Mesoridazine (Serentil) is a piperidine neuroleptic drug belonging to the class of drugs called phenothiazines, used in the treatment of schizophrenia. It is a metabolite of thioridazine. The drug's name is derived from the methylsulfoxy and piperidine functional groups in its chemical structure.
|AHFS/Drugs.com||Micromedex Detailed Consumer Information|
|Elimination half-life||24 to 48 hours|
|Excretion||Biliary and renal|
|CompTox Dashboard (EPA)|
|Chemical and physical data|
|Molar mass||386.57 g·mol−1|
|3D model (JSmol)|
|Melting point||130 °C (266 °F)|
|Solubility in water||insoluble mg/mL (20 °C)|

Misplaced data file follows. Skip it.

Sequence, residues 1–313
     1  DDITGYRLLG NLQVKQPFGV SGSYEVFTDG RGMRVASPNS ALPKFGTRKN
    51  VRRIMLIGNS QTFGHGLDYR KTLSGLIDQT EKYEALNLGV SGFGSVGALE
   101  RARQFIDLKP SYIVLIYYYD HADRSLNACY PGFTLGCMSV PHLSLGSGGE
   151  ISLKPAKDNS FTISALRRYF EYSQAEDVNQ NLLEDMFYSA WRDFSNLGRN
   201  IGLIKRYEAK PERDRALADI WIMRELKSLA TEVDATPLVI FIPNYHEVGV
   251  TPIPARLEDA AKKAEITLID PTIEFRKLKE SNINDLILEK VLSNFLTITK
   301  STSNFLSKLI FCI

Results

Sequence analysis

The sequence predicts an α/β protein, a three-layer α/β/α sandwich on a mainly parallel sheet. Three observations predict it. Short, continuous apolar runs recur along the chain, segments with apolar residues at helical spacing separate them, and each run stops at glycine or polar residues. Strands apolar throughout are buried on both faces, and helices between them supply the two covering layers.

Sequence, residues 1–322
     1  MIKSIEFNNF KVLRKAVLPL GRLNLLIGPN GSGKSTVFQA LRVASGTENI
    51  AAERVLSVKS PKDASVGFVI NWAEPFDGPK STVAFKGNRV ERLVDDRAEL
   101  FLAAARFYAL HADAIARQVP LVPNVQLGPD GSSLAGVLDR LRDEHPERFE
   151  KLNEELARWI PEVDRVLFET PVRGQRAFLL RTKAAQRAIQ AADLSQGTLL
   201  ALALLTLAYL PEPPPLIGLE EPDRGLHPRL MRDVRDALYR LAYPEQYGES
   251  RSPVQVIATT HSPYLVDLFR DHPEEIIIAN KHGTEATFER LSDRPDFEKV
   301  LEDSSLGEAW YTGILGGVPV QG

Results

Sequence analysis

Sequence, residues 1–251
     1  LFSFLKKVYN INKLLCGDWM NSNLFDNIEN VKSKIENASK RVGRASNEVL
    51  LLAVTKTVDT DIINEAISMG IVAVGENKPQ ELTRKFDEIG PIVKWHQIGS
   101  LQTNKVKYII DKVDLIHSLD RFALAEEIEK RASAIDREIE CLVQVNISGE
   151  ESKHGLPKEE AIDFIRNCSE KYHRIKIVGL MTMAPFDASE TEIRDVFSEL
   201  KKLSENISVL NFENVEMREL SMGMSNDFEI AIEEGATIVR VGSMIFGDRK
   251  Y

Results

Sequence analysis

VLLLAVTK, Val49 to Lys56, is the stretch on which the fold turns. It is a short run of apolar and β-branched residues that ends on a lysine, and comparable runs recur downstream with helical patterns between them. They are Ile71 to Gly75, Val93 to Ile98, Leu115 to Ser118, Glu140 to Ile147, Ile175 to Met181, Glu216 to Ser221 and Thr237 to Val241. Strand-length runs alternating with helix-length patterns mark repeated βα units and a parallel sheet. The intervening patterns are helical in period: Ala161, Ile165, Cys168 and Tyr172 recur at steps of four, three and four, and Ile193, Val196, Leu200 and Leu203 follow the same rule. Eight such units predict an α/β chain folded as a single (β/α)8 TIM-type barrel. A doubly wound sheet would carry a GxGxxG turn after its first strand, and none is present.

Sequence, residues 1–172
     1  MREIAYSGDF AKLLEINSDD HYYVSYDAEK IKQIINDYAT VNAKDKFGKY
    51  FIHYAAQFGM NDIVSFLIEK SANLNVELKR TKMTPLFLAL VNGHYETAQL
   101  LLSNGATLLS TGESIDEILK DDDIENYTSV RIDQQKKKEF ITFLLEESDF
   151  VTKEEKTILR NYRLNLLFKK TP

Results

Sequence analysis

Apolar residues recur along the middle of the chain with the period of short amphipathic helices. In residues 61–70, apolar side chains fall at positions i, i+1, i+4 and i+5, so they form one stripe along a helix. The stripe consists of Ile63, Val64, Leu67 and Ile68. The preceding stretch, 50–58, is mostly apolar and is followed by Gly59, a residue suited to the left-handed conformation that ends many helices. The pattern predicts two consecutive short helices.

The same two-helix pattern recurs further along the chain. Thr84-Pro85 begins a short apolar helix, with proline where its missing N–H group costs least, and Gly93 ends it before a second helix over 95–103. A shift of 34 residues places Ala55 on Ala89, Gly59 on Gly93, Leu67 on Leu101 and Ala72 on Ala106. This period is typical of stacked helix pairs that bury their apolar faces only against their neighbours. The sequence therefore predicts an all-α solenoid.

It has central antiadrenergic, antidopaminergic, antiserotonergic and weak muscarinic anticholinergic effects.
Mesoridazine was withdrawn from the United States market in 2004 due to dangerous side effects, namely irregular heart beat and QT-prolongation of the electrocardiogram.
It currently appears to be unavailable worldwide.
- American Society of Health-System Pharmacists (AHFS). "Mesoridazine". Medline Plus. U.S. National Library of Medicine.
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